Late May 2016, Matt and I flew to San Diego for a long weekend vacation with the Geraets clan. We rented an AirBnB in Pacific Beach just a couple minutes walk from the ocean, so close I could hear the waves from our bedroom. If you’ve never slept with the ocean as your sound machine, you should.

Some of you know I used to live in San Diego. It doesn’t seem that long ago, but it has been over 12 years since I moved back to Pierre.                  Sorry, I fell off my chair, but I’m back. My goodness, 12 years since I lived on the West Coast. It is everything you think it might be. Beachy, sunny most of the year, filled with surfers and beautiful people, and a lot of delicious Mexican food. It also has the obligatory big city raging traffic and expensive living costs. I don’t miss those aspects of living in SoCal.

Friday evenings, in my suburb of La Mesa, was our city’s farmers’ market. I went every week, gathering fresh flowers, clamshells of basil, bags of small avocados, and warm tamales. My love of farmers’ markets originated there, on that side street as the sun began to set over the Pacific.

When I moved back to Pierre, I yearned for that market. That market was a major factor in our helping start the Capital City Farmers’ Market 9 seasons ago. I miss being a customer, but I love being a vendor.

Back to San Diego. On Sunday, Matt and I went to the Hillcrest Farmers’ Market, which was started in 1997. We happened upon Sage Mountain Farm, an all organic farm, located in Anza, CA. One of the owners, Phil, was a friendly talkative guy. We thoroughly enjoyed sharing various stories about our vegetables and markets. More about Phil and the Hillcrest market in another post.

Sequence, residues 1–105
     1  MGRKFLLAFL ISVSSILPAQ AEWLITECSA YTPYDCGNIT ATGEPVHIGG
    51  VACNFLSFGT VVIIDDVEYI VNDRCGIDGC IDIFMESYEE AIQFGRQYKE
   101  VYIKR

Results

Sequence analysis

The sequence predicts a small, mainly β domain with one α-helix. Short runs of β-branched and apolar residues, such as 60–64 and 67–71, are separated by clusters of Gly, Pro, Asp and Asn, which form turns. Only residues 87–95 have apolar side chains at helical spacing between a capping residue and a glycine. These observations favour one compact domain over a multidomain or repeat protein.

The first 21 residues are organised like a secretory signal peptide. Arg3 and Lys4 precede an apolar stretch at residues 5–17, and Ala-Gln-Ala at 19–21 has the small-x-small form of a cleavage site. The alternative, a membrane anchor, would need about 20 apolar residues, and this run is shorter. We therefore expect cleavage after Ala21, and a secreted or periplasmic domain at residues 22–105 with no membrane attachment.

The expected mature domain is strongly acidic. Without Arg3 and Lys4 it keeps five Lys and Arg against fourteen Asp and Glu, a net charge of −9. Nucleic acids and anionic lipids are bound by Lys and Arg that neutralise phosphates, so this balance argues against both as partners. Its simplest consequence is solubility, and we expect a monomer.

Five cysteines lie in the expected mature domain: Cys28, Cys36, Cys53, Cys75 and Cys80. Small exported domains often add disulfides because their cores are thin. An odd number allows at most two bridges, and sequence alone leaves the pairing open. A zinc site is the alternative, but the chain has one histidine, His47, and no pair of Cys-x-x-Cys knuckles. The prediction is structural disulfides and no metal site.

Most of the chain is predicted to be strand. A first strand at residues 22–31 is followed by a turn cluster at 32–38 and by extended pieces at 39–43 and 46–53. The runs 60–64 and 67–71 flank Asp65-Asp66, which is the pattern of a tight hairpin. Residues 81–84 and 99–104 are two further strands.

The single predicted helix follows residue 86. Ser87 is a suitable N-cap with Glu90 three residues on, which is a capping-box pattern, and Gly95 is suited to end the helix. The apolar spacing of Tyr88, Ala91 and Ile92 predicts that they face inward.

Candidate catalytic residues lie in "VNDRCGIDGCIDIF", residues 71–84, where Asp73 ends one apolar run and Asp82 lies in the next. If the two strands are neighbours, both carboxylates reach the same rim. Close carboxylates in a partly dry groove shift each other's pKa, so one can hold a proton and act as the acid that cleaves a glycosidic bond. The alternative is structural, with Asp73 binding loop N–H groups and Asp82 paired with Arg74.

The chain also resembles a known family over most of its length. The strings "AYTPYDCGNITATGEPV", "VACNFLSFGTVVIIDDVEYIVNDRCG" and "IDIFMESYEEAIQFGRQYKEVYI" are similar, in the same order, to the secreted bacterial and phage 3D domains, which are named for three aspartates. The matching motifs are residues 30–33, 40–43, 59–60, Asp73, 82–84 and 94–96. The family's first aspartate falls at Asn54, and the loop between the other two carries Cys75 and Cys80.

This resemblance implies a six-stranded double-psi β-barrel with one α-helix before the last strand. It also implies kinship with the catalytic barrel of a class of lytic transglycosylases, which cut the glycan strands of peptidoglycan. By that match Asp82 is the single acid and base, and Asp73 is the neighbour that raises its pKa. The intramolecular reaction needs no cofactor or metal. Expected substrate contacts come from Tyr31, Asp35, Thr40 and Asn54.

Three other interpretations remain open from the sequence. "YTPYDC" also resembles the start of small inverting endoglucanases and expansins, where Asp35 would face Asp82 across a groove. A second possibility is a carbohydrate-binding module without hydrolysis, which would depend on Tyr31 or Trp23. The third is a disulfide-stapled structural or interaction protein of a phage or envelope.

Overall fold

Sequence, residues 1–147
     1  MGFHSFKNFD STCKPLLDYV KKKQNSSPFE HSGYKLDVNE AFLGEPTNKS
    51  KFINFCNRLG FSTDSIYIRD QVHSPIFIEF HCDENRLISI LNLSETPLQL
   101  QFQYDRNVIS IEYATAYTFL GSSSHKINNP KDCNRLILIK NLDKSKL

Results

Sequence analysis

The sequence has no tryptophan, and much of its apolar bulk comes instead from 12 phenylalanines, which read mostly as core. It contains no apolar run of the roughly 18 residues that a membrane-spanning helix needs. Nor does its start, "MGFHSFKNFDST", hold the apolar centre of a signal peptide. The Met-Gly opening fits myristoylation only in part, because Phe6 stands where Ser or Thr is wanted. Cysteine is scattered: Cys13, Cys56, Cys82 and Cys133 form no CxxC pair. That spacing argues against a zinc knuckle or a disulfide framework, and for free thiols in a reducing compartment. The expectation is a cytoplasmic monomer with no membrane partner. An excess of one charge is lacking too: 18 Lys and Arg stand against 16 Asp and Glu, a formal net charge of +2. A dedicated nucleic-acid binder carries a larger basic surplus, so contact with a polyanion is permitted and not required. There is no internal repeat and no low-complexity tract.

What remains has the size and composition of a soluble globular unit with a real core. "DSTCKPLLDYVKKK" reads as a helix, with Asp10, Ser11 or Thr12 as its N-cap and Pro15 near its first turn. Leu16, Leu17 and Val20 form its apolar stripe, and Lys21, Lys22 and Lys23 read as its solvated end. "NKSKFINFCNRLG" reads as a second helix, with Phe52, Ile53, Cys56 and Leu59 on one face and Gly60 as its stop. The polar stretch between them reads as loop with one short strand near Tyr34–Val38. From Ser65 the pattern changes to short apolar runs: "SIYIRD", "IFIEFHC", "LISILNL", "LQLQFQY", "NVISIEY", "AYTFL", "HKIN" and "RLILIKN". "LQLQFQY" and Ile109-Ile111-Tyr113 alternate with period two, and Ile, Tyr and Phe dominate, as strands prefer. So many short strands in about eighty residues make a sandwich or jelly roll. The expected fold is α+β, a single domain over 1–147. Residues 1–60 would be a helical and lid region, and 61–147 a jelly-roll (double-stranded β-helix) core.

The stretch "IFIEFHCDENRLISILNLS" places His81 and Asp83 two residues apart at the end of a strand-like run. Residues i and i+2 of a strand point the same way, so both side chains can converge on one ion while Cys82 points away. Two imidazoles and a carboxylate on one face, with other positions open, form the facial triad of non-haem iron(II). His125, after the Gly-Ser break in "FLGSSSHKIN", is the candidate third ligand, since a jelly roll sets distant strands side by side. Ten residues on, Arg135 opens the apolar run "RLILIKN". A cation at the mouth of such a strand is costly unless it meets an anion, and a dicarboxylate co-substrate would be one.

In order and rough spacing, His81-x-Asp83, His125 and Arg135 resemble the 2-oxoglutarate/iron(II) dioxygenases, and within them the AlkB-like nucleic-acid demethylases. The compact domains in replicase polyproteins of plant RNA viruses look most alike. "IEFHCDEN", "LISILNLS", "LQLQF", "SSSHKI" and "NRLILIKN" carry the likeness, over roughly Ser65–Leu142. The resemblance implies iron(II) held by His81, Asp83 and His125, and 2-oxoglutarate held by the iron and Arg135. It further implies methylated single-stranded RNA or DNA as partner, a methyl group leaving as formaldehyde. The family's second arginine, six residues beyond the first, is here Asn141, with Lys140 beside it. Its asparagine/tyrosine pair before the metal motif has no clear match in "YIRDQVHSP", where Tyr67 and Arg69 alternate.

While at Phil’s stand, I spied several pints of strawberries. These were not the perfectly sized, strangely same red colored, huge strawberries we’re used to seeing in the grocery store. No, these strawberries reminded me of the berries I used to pick in my Grandma Bouchie’s garden. The strawberries that we used to hunt for and relish as their juices dripped down our chins. We bought a pint. In retrospect, we should have bought four.

strawberries

Left: Sage Mountain Farm organic strawberries (photo credit: Sage Mountain Farm)
Right: Conventional strawberries

These were some of the BEST strawberries I have ever eaten. I mean the best. Being organic, they were a little more than the store-bought variety, but you cannot put a price tag on flavor.

We sat them on the counter at our AirBnB. Matt’s dad made a comment that they looked a little emaciated. “Try them”, I said. I don’t think I’ll ever forget the look on his face when he bit into that first berry. He couldn’t believe the true strawberry flavor. Our nephew had a similar experience, eyeing the suspiciously. “Try them”, I said. After his first bite, he smiled so big and dove in again.

There’s an evil back and forth which has somehow taken over the conventional produce world. We are shopping for “perfection” and grocery stores are asking growers for “uniformity.” This back and forth of looking for perfectly uniform vegetables has left out something very important. Flavor.